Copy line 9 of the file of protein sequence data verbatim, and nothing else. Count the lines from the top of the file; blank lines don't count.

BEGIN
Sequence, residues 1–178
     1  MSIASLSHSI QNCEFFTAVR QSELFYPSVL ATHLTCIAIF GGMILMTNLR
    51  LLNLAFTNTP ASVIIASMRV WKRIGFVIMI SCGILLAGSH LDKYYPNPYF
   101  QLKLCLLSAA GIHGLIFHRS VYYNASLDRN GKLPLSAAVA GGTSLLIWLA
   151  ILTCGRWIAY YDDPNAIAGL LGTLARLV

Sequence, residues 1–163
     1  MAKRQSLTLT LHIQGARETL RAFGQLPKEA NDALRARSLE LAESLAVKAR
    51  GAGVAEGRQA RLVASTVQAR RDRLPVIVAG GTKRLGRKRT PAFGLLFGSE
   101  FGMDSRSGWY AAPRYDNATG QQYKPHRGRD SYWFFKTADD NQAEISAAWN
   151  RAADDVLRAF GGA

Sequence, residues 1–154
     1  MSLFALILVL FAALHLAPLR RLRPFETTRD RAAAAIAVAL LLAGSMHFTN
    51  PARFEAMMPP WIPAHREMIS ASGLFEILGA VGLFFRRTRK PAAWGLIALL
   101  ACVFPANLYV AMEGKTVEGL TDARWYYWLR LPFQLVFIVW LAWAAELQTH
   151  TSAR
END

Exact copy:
   101  FGMDSRSGWY AAPRYDNATG QQYKPHRGRD SYWFFKTADD NQAEISAAWN